While I remain a skeptic by nature and thus one for many of the arguments elaborated herein, I found her explorations entertaining and thought-provoking. She interviews calmly her colorful array of characters, interjecting her own familiarity with the topics, and possessing what seems to me admirable patience and a steady direction, given the material that might provoke those less skilled to either total incredulity or utter acceptance. Her journalistic skill, in my perusal of her work gathered here, remains her forte. (P.S. Great cover art.)

The publisher's information gives you a sample of the panoramic, and microscopic, scope. My favorite piece was her interview with Barbara G. Walker, a feminist scholar of early religion and myth. As a college instructor in Comparative Religions, I found that the aversion to blood among many faith traditions, as opposed to its elevation by some pagan and Wiccan groups, provides a case study that interests some braver students. Walker and Joan discuss "womb envy"--and how the patriarchy's emphasis on logos, seizing control of the means of reproduction, the inversion of the ancient "primacy of blood," the obsession and worship of "seed" all complicated the transition from female to male dominance in this field, when the "secret of conception" had not yet been fully comprehended by the sky-god priests and the powers who wanted to be.

This plays off the other entries on panspermia, by the way--such cross-references are exactly why I wanted more of a framework to match up these inclusions. The reader may make such connections, but if the editor herself had lent a hand, the structure would be easier to comprehend. Those in the know, I suspect, will need less assistance, but for even those versed in such a diversity of topics, I predict some will be totally new.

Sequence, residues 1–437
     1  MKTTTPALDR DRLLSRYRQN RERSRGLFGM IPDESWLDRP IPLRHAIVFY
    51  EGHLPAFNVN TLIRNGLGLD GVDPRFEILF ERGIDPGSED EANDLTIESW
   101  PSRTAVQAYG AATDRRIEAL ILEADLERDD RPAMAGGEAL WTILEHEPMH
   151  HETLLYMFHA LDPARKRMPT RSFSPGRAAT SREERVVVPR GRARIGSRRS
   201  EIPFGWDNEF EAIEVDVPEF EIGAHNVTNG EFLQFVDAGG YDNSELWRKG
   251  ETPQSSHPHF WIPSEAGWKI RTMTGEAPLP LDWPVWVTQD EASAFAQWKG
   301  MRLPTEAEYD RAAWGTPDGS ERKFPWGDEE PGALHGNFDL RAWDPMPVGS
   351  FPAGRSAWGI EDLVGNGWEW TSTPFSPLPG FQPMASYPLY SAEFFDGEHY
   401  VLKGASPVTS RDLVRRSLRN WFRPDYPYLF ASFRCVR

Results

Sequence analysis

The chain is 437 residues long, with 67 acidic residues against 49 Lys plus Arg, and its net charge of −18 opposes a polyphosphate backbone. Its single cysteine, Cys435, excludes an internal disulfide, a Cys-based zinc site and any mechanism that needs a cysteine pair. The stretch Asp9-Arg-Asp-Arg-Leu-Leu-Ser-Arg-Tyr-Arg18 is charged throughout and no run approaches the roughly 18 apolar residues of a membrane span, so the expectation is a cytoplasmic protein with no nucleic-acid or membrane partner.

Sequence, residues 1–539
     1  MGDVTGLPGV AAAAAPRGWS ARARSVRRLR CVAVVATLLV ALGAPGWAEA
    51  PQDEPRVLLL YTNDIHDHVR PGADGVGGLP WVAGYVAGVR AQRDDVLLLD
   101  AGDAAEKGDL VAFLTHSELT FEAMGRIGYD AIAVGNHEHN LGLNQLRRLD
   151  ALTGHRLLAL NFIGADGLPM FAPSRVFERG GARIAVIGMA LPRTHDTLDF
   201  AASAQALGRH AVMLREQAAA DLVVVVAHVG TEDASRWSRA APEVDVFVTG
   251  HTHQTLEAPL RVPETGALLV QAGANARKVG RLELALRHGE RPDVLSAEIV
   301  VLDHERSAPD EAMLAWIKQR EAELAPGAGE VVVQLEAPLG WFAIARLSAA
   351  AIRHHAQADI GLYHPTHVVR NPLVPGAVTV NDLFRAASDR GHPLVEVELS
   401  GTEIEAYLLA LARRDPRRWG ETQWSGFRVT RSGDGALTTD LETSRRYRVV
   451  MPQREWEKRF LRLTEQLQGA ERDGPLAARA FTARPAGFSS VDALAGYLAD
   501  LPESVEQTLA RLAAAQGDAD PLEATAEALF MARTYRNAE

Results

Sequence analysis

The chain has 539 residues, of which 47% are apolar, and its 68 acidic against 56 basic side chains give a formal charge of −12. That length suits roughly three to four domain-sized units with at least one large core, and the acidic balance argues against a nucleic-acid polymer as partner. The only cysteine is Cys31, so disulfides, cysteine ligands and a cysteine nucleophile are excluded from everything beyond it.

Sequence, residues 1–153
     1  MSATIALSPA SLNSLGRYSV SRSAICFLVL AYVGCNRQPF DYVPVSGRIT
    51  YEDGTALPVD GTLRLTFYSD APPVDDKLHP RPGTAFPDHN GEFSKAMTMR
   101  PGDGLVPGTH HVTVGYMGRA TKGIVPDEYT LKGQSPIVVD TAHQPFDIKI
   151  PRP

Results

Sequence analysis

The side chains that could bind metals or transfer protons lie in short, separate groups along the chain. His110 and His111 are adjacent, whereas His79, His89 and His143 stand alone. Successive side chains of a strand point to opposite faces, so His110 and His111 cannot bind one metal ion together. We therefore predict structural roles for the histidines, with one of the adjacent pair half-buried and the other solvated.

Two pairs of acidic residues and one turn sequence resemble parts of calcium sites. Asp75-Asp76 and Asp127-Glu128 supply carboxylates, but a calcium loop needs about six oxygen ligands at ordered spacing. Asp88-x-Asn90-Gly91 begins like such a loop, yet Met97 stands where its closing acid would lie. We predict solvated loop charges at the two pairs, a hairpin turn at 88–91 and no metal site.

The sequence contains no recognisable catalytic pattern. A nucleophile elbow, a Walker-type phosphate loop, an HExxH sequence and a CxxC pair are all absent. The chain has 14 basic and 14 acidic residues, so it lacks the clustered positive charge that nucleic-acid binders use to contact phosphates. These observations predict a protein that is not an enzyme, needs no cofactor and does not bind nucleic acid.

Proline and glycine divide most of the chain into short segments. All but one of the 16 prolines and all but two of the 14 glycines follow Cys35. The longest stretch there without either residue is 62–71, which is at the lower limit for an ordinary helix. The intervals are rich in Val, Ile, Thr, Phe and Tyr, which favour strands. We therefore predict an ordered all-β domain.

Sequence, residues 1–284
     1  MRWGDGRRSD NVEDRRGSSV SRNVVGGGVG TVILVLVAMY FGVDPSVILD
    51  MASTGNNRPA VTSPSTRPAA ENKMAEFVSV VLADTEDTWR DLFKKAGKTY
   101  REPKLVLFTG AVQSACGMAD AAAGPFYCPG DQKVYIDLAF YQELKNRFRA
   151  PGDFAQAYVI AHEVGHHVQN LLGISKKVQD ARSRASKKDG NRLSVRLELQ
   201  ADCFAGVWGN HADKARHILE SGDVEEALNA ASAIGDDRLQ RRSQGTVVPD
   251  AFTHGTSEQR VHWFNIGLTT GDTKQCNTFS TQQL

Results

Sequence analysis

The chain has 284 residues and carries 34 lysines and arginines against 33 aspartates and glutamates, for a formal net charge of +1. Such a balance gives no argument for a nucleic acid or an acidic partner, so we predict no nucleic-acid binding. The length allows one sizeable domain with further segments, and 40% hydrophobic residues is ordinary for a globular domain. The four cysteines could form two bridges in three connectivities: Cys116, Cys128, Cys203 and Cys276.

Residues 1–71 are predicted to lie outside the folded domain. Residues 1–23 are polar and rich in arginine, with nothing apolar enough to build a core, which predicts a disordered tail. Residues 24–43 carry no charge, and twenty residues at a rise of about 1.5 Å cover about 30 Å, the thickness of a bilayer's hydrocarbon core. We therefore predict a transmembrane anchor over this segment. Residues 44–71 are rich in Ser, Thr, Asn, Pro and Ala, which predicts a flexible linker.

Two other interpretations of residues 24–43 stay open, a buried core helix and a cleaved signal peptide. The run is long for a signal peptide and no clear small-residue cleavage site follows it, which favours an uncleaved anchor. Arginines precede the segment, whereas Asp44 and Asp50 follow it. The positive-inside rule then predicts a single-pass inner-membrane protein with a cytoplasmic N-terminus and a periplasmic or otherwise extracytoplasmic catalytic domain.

One aspect that would have strengthened this anthology is her own story. A first-page blurb on her background only whets one's appetite to want to know more. (I note she is my "friend" in the Facebook realm and I requested a review copy.] If there had been an introduction placing these varied entries in context, and if each had been prefaced with her own editorial perspective, this would have enhanced the value of the collection. Interviews follow up with a biographical paragraph on the interviewee and his or her whereabouts, unknown or known. However, if a preface or afterword had been given for each, and the reason they are placed in the order they are, the book would serve as an easier guide. It's challenging to simply open this and plunge in, given the mind-spinning contents and the giant leaps from one obscurity to the next demanded. Maybe that's the point, the fun of the encounter, akin to what you'd find if you opened up what she's co-edited, Paranoia Magazine?